The Ford-fulkerson Method
Augmenting paths: Given a flow network G = (V, E) and a flow f, an augmenting path p is a simple path from s to t in the residual network G_{f}. By the definition of the residual network, each edge (u, v) on an augmenting path admits some additional positive flow from u to v without violating the capacity constraint on the edge.
The shaded path in Figure 26.3(b) is an augmenting path. Treating the residual network G_{f} in the figure as a flow network, we can increase the flow through each edge of this path by up to 4 units without violating a capacity constraint, since the smallest residual capacity on this path is c_{f}(v_{2}, v_{3}) = 4. We call the maximum amount by which we can increase the flow on each edge in an augmenting path p the residual capacity of p, given by
c_{f} (p) = min {c_{f}(u, v) : (u, v) is on p}.
Cuts of flow networks
The Ford-Fulkerson method repeatedly augments the flow along augmenting paths until a maximum flow has been found. The max-flow min-cut theorem, which we shall prove shortly, tells us that a flow is maximum if and only if its residual network contains no augmenting path. To prove this theorem, though, we must first explore the notion of a cut of a flow network.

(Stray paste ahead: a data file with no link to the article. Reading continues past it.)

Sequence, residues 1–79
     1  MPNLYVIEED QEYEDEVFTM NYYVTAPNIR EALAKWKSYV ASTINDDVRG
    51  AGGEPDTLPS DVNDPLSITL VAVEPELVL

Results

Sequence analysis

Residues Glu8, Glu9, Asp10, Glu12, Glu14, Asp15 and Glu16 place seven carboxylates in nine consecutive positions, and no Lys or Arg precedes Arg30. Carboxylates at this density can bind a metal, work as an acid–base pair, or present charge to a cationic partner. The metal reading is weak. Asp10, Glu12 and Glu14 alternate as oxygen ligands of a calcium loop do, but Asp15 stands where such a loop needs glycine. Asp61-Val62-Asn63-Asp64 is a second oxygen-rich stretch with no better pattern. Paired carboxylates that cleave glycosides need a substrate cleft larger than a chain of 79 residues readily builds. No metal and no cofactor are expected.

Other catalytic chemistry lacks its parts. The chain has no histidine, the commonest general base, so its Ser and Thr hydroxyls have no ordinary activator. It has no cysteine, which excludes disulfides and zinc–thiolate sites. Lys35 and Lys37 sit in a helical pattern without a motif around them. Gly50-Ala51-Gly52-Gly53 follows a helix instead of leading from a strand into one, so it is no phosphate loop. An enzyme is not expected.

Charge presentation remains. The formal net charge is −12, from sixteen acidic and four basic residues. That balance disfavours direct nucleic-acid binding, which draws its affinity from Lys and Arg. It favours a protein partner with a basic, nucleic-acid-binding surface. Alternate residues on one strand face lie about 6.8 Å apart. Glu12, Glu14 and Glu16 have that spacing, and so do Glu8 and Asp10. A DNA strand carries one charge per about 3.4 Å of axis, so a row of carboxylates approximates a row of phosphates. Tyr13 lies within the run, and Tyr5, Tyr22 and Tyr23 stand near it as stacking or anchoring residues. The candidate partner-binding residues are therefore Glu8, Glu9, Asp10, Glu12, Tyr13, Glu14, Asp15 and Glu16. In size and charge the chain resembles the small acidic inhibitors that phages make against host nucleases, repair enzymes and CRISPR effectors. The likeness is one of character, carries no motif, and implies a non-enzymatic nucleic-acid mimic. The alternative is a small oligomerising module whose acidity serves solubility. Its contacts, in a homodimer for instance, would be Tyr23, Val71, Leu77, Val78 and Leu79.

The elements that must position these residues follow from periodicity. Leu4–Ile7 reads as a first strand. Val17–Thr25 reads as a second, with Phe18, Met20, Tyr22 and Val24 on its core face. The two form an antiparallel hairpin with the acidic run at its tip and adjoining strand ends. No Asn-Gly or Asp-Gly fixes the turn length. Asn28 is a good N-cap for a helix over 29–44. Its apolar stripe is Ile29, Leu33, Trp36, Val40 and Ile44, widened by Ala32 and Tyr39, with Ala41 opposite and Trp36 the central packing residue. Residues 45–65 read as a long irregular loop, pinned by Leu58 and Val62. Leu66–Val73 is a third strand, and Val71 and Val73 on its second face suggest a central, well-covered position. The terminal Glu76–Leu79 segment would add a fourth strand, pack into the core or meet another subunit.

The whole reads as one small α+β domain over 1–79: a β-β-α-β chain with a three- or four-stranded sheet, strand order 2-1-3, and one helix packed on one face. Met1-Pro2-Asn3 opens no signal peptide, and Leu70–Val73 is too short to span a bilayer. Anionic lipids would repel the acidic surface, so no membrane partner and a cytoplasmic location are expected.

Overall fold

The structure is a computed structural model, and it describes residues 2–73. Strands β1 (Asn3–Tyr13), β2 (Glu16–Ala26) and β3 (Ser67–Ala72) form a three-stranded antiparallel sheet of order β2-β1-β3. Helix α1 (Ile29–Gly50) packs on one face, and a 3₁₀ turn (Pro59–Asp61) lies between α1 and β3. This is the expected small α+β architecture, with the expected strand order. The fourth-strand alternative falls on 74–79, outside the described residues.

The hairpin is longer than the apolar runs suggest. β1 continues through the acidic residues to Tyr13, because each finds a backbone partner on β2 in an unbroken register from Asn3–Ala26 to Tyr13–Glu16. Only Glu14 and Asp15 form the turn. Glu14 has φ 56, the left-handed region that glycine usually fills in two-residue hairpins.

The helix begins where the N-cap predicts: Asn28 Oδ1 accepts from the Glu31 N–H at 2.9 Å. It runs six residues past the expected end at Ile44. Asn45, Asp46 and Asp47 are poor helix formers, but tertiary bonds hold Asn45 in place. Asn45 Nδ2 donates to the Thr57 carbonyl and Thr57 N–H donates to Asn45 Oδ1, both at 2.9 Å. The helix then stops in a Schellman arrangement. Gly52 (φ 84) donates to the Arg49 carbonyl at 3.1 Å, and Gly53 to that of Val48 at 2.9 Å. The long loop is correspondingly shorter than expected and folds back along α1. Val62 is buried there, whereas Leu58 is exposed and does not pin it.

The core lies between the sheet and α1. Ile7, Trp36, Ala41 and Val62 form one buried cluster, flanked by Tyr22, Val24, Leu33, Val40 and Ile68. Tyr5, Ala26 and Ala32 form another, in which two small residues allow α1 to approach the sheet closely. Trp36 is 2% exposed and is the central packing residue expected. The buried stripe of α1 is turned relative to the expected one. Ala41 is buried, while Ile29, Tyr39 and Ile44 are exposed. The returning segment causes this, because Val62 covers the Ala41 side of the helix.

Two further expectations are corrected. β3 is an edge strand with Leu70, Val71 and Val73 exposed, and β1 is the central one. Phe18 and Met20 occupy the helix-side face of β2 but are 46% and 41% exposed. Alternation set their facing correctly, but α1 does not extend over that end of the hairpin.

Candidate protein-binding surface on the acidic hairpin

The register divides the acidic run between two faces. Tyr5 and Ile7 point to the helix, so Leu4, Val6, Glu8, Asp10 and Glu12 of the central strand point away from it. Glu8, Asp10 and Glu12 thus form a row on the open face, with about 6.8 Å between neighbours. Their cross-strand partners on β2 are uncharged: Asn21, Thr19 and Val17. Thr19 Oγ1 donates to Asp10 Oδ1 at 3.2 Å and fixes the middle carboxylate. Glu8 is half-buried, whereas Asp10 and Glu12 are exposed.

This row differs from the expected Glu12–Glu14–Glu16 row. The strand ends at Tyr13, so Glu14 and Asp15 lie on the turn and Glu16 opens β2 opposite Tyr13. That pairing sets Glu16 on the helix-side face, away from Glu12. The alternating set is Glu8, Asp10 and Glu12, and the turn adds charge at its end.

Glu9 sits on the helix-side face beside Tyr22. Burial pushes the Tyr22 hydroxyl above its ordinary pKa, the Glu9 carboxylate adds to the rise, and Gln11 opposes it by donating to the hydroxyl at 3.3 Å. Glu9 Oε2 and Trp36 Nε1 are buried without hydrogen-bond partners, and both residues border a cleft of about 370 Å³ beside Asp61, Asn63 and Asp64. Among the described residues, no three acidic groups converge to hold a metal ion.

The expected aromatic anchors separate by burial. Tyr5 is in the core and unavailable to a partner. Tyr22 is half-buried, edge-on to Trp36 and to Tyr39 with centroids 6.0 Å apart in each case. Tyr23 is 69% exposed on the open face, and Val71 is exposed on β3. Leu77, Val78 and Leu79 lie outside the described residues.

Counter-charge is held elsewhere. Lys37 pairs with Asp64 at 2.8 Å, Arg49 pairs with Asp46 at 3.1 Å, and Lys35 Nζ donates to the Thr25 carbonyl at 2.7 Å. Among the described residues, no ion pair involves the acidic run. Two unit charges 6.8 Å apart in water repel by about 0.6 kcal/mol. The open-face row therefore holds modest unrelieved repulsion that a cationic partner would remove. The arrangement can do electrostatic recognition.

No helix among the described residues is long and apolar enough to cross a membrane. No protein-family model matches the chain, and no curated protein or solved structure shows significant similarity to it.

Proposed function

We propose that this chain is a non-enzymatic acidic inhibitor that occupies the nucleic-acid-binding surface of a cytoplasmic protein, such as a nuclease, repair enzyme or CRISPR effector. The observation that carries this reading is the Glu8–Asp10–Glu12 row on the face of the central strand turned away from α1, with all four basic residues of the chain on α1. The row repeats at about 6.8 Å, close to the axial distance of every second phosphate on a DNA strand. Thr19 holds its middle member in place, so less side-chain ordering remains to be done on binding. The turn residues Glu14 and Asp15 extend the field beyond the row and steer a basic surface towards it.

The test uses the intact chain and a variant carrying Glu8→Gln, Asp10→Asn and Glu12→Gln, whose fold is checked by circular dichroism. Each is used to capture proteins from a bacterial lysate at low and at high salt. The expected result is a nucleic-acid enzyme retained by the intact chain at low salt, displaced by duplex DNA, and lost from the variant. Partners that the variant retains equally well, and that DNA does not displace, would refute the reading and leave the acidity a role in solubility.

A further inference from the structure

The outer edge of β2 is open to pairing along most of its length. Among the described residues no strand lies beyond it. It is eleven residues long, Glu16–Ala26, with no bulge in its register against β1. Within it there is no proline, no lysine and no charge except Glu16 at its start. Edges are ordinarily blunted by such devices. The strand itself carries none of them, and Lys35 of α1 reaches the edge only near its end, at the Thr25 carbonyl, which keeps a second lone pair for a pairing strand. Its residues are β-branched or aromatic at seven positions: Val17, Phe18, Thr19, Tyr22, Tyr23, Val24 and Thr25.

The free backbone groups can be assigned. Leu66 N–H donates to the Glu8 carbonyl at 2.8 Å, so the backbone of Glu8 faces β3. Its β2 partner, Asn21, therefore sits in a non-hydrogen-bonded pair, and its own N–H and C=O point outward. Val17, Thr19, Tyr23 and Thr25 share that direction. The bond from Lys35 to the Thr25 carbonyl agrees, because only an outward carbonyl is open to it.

A cut (S, T) of flow network G = (V, E) is a partition of V into S and T = V - S such that s ∈ S and t ∈ T. (This definition is similar to the definition of "cut" that we used for minimum spanning trees in Minimum Spanning Trees, except that here we are cutting a directed graph rather than an undirected graph, and we insist that s ∈ S and t ∈ T.) If f is a flow, then the net flow across the cut (S, T) is defined to be f(S, T). The capacity of the cut (S, T) is c(S, T). A minimum cut of a network is a cut whose capacity is minimum over all cuts of the network.
Figure 26.4 shows the cut ({s, v_{1}, v_{2}}, {v_{3}, v_{4}, t}) in the flow network of Figure 26.1(b). The net flow across this cut is
f(v_{1}, v_{3}) f(v_{2}, v_{3}) f(v_{2}, v_{4}) |
= |
12 (-4) 11 |
= |
19, |
and its capacity is
c(v_{1}, v_{3}) c(v_{2}, v_{4}) |
= |
12 14 |
= |
26. |
Observe that the net flow across a cut can include negative flows between vertices, but that the capacity of a cut is composed entirely of nonnegative values. In other words, the net flow across a cut (S, T) consists of positive flows in both directions; positive flow from S to T is added while positive flow from T to S is subtracted. On the other hand, the capacity of a cut (S, T) is computed only from edges going from S to T. Edges going from T to S are not included in the computation of c(S, T).